The 2020 Federal Budget has been delivered, and we’re currently in a whirlwind of activity, getting our heads around a series of ambitious and, dare I say, exciting announcements for reform to our tax system. Or, so I hope. You see, with the production timeframe, I’m writing this before the Budget is delivered. But right now, as you’re reading this, the Budget was delivered weeks ago. The government got our hopes up by flagging the need for tax reform. Only one of two things can happen to hopes – fulfilled or dashed.
Difficult times require measures to match. Our economy has been severely damaged, and the greatest support the government could give for a sustainable economic recovery is to genuinely reform on a macro scale, including taxation, industrial relations and other policy areas. On the other hand, if the government tries to boost the economy only from within existing policy frameworks, it’ll be like slapping a supercharger onto a clapped-out engine – achieves some extra grunt for a little while, but not a sustained high performance that could only be achieved with a full engine recondition.
On the matter of fundamental tax reform, the Federal Government must do what it hasn’t for twenty years – something. That last program of genuine reform, in 2000, was monumental yet restrained, dragging our 1930s tax system into, well, the 1970s. Progress, at least. Tax reform – real reform, not tinkering – has long been a contentious issue. And yet, amongst tax experts, there is a broad consensus on the kinds of necessary fundamental changes. A key reason such a consensus exists is that we’ve witnessed many other countries undertake such reform already. Decades ago.
New Zealand’s tax reform efforts – starting way back in the 1980s – remain the gold standard, and they haven’t rested on their laurels. They’ve matured to a twin-turbocharged Ferrari F154 engine tax system while we’ve continued to splutter along with our un-reconditioned carburettor-pumper of a system. Honestly, if our friends across the Tasman looked at the history of tax reform discourse amongst Australia’s politicians over a generation, littered with intellectual dishonesty and populist opposition, they’d be bewildered over what otherwise intelligent people can’t seem to understand. But then, it is difficult to get someone to understand something when their sectional interests rely on not understanding it.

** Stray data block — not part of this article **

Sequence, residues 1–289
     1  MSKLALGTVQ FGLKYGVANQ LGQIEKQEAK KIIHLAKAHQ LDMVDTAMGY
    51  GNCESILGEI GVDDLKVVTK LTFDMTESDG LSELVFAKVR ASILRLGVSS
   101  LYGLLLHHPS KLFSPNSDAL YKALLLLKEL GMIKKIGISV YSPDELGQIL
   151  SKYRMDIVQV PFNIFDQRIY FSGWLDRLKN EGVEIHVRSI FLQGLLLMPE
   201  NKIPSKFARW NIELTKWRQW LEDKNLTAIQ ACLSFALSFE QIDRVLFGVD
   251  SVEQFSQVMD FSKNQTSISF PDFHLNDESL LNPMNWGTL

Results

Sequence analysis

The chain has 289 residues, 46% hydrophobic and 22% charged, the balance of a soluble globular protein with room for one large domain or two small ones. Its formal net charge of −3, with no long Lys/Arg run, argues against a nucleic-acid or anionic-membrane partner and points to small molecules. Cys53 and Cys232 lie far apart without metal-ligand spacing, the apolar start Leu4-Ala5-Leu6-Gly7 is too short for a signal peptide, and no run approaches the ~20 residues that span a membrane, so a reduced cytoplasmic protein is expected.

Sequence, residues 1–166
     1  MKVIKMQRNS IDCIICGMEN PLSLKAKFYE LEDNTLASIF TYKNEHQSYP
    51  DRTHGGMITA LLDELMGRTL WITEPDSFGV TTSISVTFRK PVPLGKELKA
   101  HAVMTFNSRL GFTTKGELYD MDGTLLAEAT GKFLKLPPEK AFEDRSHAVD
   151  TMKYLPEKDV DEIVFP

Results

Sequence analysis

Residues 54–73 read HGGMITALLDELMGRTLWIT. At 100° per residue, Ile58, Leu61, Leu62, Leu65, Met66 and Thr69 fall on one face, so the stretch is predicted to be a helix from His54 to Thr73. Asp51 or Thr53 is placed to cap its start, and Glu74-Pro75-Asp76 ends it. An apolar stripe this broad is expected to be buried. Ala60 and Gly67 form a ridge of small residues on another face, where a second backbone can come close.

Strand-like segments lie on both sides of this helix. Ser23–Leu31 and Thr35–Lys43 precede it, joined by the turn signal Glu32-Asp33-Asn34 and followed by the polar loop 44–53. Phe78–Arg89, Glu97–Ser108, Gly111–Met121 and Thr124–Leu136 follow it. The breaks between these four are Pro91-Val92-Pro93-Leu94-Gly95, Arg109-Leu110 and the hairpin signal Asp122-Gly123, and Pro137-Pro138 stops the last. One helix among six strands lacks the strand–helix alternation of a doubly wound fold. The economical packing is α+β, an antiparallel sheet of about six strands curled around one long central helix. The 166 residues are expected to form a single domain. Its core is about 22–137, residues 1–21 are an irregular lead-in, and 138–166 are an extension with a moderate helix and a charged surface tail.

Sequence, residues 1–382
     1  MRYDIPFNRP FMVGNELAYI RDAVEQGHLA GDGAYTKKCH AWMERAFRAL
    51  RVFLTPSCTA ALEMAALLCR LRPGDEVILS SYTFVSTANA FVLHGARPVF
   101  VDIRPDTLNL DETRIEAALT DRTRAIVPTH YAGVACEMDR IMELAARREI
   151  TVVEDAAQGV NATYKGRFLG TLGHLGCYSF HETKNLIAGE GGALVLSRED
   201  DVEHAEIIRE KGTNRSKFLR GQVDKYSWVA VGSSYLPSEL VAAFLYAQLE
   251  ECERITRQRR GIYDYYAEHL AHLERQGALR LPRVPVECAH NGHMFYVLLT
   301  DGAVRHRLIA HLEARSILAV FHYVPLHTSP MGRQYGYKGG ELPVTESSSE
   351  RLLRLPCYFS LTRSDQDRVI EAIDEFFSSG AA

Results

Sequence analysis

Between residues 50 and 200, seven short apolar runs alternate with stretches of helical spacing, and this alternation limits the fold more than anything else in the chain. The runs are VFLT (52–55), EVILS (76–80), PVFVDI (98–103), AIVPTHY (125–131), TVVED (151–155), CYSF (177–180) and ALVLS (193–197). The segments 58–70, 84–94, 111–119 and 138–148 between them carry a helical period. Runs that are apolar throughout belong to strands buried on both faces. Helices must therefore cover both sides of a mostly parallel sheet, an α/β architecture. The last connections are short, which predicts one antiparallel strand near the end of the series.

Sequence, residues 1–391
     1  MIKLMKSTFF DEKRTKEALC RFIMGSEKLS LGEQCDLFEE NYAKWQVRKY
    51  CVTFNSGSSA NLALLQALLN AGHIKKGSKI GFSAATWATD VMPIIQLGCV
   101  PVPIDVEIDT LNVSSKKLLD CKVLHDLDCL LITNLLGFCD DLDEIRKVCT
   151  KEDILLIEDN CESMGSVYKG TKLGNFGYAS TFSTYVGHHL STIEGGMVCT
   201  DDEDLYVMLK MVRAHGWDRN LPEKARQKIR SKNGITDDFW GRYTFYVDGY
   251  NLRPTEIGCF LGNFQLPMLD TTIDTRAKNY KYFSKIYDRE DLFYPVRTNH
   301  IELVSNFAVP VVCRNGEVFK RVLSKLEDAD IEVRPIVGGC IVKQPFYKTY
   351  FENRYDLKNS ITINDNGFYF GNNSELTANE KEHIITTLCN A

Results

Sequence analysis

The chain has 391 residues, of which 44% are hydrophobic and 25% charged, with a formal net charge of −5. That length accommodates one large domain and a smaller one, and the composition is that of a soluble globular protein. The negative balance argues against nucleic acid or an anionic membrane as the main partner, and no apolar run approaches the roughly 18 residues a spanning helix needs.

My sincere hope is that our politicians on both sides took this seriously, much like they did with COVID-19. And a big part of doing that is listening to the experts. Sure, it’s ultimately the politicians’ responsibility to make policy decisions, but they have a far better chance of making good decisions if they take on board expert opinion.
After all, they said so themselves:
“The policy should be based on the expert advice.”1
“We’ve always acted on the basis of the expert advice.”2
- Scott Morrison, Prime Minister
“…we need to listen to the experts… Politicians should be giving that support to the experts to say, ‘You tell us what is necessary’.”3
- Anthony Albanese, Leader of the Opposition
The above was said in relation to COVID-19, and there is no reason not to take the same approach with reforming our tax system.
In the past, the Federal Budget has not been used to announce major reforms, but given the upheaval we have experienced in 2020, this year’s Budget is an opportunity to make some bold policy announcements. I hope that’s what Josh Frydenberg and his team in Treasury are working on right now as I write this. But you’ll know right now, as you read this, if they in fact were.
Reforming our tax system means making it work better. That includes making it simpler, more efficient, more equitable, more robust, easier to comply with, and reducing distortionary effects. Making changes to the moving parts of a tax system is not itself reform. That is merely the means of achieving those reform goals.
There is broad consensus across tax experts in Australia over what changes to the macro moving parts of our tax system would make it work better. Here’s a small selection of big-ticket items that I think reflect that broad consensus:
The other important point about the above selection is that they all complement each other. None except 4. could realistically be implemented on a stand-alone basis. Rather, they are more like pieces of a jigsaw puzzle. An individual piece is meaningless, but bring all the pieces together, and a coherent picture forms.
So, did we get a tax reform bang out of the Budget? My prediction is probably not, as the real thing requires the States and Territories to be involved. But the issue is not going to go away, and we will continue to advocate for reforms that will make for a better Australia.
The material contained in this publication is for general information purposes only and does not constitute professional advice or recommendation from Nexia Edwards Marshall. Regarding any situation or circumstance, specific professional advice should be sought on any particular matter by contacting your Nexia Edwards Marshall Adviser.